Particicutions are a specific type of execution or 'Salvaging' in the Republic of Gilead. It involves the execution being carried out by a group of Handmaids, who are usually required to attend Salvagings. The word itself - Particicution - is a portmanteau of the words 'participation' and 'execution' and is modelled after the name of a Canadian exercise program founded in the 1970s called "ParticipACTION".
Usually, those executed in Particicutions are men convicted of crimes such as rape or other forms of violence against Handmaids, as this makes it more personal for the Handmaids.
In the Particicution featured in the novel, the condemned man is accused of raping a pregnant Handmaid, resulting in miscarriage. That being said, it is revealed that the man was in fact a member of the Mayday resistance, suggesting that the government allows traitors and rebels to be executed on false charges, so as to incite the Handmaids to violence.
During the Particicution, Handmaids are allowed to use any means they wish to kill the condemned, though as they are not permitted weapons, they must use their bare hands. The condemned is often beaten to death or torn to pieces by the Handmaids. They are encouraged to drive themselves into a frenzy and it is implied that Handmaids use Particicutions as an outlet for their pent up rage and grief over their loss of freedom and rights. Particicutions are apparently uncommon, as Offred had only ever attended one.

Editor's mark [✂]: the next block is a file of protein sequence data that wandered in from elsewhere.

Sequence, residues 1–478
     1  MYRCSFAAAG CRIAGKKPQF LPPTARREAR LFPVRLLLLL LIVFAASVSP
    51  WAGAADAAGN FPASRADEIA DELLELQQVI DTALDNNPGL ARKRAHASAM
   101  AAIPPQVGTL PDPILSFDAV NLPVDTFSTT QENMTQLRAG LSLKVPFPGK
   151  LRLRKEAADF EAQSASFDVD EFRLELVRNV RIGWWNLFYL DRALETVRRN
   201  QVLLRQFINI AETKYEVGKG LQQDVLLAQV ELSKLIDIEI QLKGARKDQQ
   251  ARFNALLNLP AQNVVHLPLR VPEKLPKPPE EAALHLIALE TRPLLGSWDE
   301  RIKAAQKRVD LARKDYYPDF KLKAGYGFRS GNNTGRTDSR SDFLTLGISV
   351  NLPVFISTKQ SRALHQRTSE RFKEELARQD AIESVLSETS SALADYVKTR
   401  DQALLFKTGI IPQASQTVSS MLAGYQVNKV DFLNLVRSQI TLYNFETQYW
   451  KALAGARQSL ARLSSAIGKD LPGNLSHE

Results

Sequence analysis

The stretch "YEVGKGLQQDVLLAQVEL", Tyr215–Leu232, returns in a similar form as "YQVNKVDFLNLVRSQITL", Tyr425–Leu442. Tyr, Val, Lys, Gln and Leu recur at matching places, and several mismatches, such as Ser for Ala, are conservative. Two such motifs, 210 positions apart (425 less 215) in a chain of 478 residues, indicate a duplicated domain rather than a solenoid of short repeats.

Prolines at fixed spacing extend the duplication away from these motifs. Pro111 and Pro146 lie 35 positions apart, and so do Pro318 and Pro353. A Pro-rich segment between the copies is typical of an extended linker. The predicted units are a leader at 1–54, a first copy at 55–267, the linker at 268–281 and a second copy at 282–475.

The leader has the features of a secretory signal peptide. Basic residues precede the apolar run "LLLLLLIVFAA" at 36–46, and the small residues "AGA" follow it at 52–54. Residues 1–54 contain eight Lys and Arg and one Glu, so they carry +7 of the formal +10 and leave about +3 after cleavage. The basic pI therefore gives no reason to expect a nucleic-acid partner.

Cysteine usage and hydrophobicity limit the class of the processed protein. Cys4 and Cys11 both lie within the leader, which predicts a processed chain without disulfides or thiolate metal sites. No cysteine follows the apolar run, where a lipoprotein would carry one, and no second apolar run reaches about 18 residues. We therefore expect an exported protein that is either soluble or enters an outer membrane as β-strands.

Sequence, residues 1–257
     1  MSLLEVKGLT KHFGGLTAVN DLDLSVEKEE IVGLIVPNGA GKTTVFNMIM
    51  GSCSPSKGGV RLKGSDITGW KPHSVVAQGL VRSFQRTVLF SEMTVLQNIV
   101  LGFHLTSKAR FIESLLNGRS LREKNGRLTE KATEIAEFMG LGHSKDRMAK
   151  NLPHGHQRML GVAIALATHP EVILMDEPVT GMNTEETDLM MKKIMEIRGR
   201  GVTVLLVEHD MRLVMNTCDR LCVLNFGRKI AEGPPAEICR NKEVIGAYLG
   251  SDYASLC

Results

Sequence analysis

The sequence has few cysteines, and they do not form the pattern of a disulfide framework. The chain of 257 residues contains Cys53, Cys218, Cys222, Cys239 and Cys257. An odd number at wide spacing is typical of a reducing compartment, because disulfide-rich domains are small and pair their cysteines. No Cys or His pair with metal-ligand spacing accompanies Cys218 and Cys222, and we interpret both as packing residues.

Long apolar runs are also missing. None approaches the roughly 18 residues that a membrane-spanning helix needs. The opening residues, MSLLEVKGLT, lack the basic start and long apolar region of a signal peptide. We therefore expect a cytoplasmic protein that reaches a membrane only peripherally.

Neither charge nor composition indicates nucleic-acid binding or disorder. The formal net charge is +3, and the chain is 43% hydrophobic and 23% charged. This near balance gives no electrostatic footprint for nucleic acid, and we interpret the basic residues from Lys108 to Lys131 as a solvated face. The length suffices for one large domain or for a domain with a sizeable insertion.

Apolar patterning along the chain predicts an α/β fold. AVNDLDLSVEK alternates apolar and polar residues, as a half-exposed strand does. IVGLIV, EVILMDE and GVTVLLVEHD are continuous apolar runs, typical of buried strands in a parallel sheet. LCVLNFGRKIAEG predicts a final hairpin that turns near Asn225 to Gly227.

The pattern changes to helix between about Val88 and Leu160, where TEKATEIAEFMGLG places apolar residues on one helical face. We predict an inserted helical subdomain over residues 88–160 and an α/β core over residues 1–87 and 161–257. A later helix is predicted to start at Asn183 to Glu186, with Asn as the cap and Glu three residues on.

In the novel and film versions, the Particicution happens directly after a women's Salvaging and is therefore watched by the Marthas, Wives and Econowives present; in the TV series, it is a closed event and only Handmaids attend it.
According to the novel's epilogue, Professor Pixieto--leading a conference on the study of Gilead--states that his research yielded the fact that Commander Waterford was the mastermind behind the invention of Particicutions.
Particicution scene from the 1990 film adaptation of The Handmaid's Tale: